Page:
24 weeks is the limit because that is considered the age at which a foetus becomes viable - i.e. it can survive outside the womb. Originally, the limit was 28 weeks, but as more technology enabled those babies to survive, it was reduced. Very few babies born at 24 weeks survive, and those that do usually suffer from disability of some type, even with modern neonatal technology. Under British law, a baby stillborn before 24 weeks is technically a miscarriage, even though the mother usually gives birth. This, again, is due to the legal definition of viability. An abortion is done before 24 weeks, ideally, because there is no duty of care for the doctors performing the procedure to attempt to save the foetus. Indeed, in terminations carried out after 20 weeks, foetocide is usually performed to ensure there is no conflict of duty.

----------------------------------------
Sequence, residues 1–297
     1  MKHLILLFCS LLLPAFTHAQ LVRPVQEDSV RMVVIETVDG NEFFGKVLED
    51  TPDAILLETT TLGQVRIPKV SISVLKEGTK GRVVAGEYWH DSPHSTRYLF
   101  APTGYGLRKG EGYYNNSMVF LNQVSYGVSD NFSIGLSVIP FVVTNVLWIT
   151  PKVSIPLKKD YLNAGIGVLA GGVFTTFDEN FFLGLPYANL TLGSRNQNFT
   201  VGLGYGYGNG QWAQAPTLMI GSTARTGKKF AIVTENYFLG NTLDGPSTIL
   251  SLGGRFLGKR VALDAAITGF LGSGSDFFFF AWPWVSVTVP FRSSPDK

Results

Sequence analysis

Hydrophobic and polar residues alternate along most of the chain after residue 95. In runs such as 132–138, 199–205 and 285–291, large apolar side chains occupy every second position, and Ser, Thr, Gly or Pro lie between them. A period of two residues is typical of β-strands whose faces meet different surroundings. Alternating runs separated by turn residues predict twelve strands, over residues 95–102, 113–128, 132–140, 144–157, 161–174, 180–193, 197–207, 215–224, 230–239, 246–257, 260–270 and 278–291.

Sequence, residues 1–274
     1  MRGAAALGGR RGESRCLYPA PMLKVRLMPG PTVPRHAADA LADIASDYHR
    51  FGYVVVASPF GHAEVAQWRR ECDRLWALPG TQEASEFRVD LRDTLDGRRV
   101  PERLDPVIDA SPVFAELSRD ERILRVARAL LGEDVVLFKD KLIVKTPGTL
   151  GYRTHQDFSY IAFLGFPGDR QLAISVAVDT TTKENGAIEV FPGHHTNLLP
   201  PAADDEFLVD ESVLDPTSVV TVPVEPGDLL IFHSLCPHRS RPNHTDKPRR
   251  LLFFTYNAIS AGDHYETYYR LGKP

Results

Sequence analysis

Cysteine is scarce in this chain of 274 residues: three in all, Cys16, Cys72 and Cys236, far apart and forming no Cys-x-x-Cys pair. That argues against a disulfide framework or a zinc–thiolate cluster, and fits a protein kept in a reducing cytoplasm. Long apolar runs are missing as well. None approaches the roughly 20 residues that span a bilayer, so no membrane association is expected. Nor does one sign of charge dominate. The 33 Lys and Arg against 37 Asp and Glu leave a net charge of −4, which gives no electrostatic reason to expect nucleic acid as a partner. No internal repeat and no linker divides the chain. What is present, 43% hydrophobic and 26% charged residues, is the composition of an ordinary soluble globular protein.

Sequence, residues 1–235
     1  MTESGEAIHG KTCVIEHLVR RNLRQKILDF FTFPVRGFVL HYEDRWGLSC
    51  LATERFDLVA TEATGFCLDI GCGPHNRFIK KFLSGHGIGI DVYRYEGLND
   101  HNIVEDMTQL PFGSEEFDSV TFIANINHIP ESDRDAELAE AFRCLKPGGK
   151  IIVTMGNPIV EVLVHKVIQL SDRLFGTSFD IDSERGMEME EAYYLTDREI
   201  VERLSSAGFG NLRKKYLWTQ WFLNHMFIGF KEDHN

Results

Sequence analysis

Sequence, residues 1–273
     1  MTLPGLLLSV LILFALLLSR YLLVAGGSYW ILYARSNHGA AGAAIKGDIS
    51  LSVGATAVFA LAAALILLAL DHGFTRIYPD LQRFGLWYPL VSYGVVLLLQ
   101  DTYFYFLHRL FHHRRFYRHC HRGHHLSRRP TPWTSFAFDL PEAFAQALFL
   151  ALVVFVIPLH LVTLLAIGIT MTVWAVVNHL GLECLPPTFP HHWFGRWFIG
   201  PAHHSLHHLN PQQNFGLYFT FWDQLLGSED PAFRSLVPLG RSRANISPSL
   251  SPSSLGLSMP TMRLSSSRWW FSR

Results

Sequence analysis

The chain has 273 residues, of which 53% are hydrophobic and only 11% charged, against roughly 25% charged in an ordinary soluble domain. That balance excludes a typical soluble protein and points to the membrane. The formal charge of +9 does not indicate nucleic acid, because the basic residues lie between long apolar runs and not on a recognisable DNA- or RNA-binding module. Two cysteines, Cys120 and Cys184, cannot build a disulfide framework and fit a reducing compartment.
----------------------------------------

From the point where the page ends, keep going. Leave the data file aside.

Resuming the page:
The ethics of abortion are undoubtedly a tangled and emotive web. There is no consensus on when life begins: there are arguments to call a pregnancy 'live' from ovulation (preconception), conception (within days of ovulation), implantation (4 weeks), the development of the placenta and heartbeat (8 weeks), from when it looks human (approximately 12-14 weeks), or from when kicks can be felt (approximately 16-20 weeks). From very early on in pregnancy, a woman's whole body and mind is taken over by this bunch of undifferentiated cells within. No mother, feeling her baby move, would tell you that it is not alive. However, legally, an unborn baby is not a citizen. It has no rights. It does not exist. It is an abstract concept, in matters of law.